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Exempt employee

Exempt workers are categorized as any employees who do not qualify for overtime pay or minimum wage as defined by the Federal Labor Standards Act (FLSA). While federal laws stipulate that most hourly employees must be paid time-and-a-half any time they work more than 40 hours per week, there are exceptions for some employees to be paid based on work performed rather than hours worked. Exempt status generally applies to salaried employees who are not subject to time-tracking and earn a minimum salary of $684 per week. (Prior to January 2020 the threshold was $455 per week.)

Specific examples of  employees classified as exempt include:

Administrative exemption - According to the U.S. Department of Labor, to qualify as an administrative employee, a worker’s primary duty “must be the performance of office or non-manual work directly related to the management or general business operations of the employer or the employer’s customers.” Administrative workers’ roles must also involve “the exercise of discretion and independent judgment with respect to matters of significance.”

Executive exemption - The Department of Labor defines an executive as an employee whose primary duty involves managing an enterprise, department, or subdivision; who directs the work of at least two full-time employees; and who has some authority over the hiring, firing, or advancement of other employees.

Professional exemption - An employee is considered to be an exempt learned professional if they work in a science- or learning-oriented field role in a role that requires advanced knowledge and education.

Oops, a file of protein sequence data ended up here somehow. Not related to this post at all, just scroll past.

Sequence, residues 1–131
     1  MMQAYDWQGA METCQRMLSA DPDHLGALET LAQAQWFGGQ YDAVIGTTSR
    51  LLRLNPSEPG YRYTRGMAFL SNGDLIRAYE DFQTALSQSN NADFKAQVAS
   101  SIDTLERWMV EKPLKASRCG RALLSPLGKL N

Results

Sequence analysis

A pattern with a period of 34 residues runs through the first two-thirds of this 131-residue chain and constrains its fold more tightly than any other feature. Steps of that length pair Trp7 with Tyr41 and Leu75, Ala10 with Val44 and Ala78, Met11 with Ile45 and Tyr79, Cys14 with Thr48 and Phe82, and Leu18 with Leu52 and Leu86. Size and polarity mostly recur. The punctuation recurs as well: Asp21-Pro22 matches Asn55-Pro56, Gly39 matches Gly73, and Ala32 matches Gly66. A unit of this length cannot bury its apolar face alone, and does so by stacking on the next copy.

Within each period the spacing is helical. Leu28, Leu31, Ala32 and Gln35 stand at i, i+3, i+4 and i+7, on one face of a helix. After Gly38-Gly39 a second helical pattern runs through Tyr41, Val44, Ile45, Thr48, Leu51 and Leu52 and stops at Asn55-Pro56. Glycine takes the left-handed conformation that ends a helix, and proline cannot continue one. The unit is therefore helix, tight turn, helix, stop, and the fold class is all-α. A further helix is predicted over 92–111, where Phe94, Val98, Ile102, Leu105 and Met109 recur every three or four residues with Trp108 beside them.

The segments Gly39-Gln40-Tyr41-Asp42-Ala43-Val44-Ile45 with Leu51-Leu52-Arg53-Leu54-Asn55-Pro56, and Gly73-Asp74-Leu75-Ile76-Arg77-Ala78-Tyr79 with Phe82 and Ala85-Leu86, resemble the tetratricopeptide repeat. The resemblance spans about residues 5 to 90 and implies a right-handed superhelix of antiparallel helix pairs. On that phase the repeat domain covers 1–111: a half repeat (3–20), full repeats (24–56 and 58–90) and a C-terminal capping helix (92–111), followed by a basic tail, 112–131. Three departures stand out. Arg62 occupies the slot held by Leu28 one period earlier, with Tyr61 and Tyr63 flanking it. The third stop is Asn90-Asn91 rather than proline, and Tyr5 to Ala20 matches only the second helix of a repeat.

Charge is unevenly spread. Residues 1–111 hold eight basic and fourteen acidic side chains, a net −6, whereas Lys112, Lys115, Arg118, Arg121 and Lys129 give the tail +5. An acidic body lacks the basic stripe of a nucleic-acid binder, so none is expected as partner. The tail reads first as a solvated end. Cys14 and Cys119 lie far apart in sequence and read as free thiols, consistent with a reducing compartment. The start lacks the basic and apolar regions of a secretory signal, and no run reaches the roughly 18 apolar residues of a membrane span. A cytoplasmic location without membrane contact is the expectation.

Computer employee exemption - The computer employee exemption applies to professionals whose roles require advanced knowledge and skill in areas such as systems analysis, programming, development, design, testing, or modification of computer systems and operating systems.

Outside sales exemption - An employee whose primary duties involve making sales, selling services, or procuring contracts away from their employer’s primary place of business may qualify for the outside sales exemption.

It is important to classify employees properly when dealing with exemptions. An employee classified as an independent contractor is non-exempt, and misclassifying such employees can be a serious violation of local, state, and federal labor law. Also be aware that an employee’s job title does not convey exempt status — for example, an employee identified as an Executive Vice President who earns less than $684 per 40 working hours would not be exempt.

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